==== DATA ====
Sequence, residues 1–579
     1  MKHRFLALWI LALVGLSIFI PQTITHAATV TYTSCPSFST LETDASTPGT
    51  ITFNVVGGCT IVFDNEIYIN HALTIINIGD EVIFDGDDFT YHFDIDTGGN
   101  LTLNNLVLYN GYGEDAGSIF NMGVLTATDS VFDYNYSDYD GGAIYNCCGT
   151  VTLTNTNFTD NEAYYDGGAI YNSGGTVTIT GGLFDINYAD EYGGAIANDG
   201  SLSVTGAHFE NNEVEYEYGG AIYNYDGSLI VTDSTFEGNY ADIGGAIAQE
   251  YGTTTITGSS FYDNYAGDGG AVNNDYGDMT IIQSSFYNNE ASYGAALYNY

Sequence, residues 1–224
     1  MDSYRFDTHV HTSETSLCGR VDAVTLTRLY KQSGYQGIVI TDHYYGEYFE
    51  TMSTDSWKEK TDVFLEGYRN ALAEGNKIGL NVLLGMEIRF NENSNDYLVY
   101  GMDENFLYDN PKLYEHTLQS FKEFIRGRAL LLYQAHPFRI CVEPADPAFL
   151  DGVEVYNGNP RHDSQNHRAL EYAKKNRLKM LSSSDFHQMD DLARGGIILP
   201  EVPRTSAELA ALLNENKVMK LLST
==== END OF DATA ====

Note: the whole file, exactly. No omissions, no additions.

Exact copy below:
Sequence, residues 1–579
     1  MKHRFLALWI LALVGLSIFI PQTITHAATV TYTSCPSFST LETDASTPGT
    51  ITFNVVGGCT IVFDNEIYIN HALTIINIGD EVIFDGDDFT YHFDIDTGGN
   101  LTLNNLVLYN GYGEDAGSIF NMGVLTATDS VFDYNYSDYD GGAIYNCCGT
   151  VTLTNTNFTD NEAYYDGGAI YNSGGTVTIT GGLFDINYAD EYGGAIANDG
   201  SLSVTGAHFE NNEVEYEYGG AIYNYDGSLI VTDSTFEGNY ADIGGAIAQE
   251  YGTTTITGSS FYDNYAGDGG AVNNDYGDMT IIQSSFYNNE ASYGAALYNY

Sequence, residues 1–224
     1  MDSYRFDTHV HTSETSLCGR VDAVTLTRLY KQSGYQGIVI TDHYYGEYFE
    51  TMSTDSWKEK TDVFLEGYRN ALAEGNKIGL NVLLGMEIRF NENSNDYLVY
   101  GMDENFLYDN PKLYEHTLQS FKEFIRGRAL LLYQAHPFRI CVEPADPAFL
   151  DGVEVYNGNP RHDSQNHRAL EYAKKNRLKM LSSSDFHQMD DLARGGIILP
   201  EVPRTSAELA ALLNENKVMK LLST